Could this be considered neglect/ abuse of the elderly?
My 85 yr old mother in law has dementia and also has severe paranoid delusions. I don't feel she is suffering from abuse of the elderly so much as neglect.
She is currently causing problems for a neighbor by calling police on her for theft etc. She also writes this in letters and reports her to animal control. She is well known to police for her behaviors.
She still drives even though she has hit parked cars and fence in her driveway. She is now losing her checkbook and accusing her neighbor of writing the checks, thus cancelling checks. She found the checkbook and said it was returned by the thief.
She is having problems with her bank because of a loan she took out, forgot she did and missed payments. The bank called her and she accused a neighbor of taking out this loan using her name.
Durable power of attorney has known about problems for several years and does nothing. I feel she should have been taken to doctor for possible help for delusions and paranoia, and given driving test to make sure she and others are safe if she drives etc, but he refuses to act and gets mad if suggestions are made.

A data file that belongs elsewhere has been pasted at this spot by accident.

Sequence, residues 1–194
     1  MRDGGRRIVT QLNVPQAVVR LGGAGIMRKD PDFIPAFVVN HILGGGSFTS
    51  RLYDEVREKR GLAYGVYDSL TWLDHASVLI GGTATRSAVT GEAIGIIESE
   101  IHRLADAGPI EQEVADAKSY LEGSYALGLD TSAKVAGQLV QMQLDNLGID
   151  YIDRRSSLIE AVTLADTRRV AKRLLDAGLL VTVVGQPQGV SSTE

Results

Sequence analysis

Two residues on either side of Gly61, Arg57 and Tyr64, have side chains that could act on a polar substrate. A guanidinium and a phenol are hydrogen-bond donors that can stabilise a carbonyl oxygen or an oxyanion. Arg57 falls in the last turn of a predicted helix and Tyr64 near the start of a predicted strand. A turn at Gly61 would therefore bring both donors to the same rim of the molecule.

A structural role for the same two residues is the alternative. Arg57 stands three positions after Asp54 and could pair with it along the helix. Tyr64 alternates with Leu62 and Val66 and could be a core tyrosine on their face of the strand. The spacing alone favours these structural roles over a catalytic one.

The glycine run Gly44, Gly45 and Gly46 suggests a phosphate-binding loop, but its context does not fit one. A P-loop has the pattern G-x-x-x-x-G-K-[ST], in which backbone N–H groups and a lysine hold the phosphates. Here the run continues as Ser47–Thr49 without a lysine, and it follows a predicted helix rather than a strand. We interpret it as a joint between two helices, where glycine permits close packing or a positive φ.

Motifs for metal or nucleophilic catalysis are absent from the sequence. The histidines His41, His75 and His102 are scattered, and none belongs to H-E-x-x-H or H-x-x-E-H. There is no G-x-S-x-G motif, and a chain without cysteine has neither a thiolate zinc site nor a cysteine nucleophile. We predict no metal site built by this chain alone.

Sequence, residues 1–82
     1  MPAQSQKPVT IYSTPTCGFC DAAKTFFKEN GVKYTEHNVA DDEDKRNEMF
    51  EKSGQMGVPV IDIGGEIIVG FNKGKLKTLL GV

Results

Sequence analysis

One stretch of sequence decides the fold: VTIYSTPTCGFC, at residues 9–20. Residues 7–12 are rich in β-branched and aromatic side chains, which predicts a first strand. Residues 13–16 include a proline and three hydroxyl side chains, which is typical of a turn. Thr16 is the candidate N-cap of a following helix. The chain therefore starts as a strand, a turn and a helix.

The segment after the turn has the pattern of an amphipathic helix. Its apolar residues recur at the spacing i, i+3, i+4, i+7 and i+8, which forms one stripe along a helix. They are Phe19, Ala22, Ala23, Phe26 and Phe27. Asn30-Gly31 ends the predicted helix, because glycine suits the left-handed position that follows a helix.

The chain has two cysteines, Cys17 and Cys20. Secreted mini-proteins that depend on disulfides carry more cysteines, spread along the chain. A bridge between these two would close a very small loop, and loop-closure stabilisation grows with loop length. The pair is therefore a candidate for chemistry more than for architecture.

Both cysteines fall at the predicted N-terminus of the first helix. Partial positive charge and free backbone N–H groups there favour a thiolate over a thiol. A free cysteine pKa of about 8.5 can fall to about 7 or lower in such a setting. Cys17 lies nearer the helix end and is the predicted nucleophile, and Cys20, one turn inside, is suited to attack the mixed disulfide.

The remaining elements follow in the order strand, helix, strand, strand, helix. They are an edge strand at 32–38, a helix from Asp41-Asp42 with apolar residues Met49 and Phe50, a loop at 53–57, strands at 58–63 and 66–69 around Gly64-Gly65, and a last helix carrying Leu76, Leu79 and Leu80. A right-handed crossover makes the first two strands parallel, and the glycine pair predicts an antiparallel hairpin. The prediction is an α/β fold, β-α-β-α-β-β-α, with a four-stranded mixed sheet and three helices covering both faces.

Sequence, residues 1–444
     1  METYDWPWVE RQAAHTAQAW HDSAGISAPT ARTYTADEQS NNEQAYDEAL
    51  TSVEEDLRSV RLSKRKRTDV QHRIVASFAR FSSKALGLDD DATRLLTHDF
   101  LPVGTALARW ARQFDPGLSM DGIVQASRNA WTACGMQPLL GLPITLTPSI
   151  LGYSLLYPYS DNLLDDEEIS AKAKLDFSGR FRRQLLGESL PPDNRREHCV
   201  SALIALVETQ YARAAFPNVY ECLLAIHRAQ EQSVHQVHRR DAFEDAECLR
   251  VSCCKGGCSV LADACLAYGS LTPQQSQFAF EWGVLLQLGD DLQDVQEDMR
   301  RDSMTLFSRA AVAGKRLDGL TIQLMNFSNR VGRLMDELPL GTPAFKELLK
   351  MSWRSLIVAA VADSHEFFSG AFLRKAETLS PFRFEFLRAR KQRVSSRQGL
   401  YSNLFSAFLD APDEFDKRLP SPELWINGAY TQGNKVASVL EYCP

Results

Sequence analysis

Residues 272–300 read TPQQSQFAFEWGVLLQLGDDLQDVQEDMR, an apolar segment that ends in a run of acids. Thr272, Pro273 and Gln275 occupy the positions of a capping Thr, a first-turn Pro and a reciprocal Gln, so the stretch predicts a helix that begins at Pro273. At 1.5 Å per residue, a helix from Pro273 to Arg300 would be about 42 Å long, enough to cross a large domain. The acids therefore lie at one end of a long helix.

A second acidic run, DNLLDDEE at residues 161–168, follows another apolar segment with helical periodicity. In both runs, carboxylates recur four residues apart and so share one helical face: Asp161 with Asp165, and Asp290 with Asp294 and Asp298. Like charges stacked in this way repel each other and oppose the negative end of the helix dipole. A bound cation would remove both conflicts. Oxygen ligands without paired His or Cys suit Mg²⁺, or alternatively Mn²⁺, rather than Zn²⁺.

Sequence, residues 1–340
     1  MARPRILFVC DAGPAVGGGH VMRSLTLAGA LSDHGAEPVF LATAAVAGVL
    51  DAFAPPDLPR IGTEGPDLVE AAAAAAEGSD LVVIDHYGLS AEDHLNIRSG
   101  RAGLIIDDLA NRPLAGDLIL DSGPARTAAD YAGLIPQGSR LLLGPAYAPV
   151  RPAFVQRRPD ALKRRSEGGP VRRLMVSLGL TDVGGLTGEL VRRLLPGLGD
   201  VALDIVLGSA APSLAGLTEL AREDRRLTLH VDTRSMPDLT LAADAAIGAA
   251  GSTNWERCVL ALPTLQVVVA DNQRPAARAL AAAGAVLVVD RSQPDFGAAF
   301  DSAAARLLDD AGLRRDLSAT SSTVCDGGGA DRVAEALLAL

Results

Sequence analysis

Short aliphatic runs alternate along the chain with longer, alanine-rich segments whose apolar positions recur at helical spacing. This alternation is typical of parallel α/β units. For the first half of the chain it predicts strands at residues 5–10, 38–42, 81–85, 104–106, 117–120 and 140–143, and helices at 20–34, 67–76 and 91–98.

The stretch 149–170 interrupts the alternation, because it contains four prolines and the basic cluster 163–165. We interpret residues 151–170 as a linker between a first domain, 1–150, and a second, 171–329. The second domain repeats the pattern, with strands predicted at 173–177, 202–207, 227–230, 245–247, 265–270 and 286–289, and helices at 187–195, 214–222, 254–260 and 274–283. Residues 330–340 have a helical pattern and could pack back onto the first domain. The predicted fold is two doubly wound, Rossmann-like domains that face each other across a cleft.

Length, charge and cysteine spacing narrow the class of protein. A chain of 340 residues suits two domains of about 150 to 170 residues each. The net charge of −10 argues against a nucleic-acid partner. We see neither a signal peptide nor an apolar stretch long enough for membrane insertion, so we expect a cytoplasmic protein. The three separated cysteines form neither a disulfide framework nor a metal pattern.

The issues with delusions and hallucinations in elderly has cost her both emotionally and financially. This has been a problem for many years now, but is getting worse.
The other siblings are afraid to voice opinion because of conflicts in the past when they have done so. The neighbor said she was reporting to adult protective services. Is it possible something might get addressed if it is reported?REPLY from Caring-for-Aging-Parents.com
Wow, that is quite a situation and must be very upsetting for you. It is certainly appropriate for you to be concerned about your mother-in-law's well-being. Not only is her health impacting her relationship with those around her (family, neighbors, etc.) but it is affecting her finances.
Financial security is always a concern, but can be particularly impacting when seniors are moving into older years. There is big worries about whether there will be enough money and many seniors spend their final years impoverished.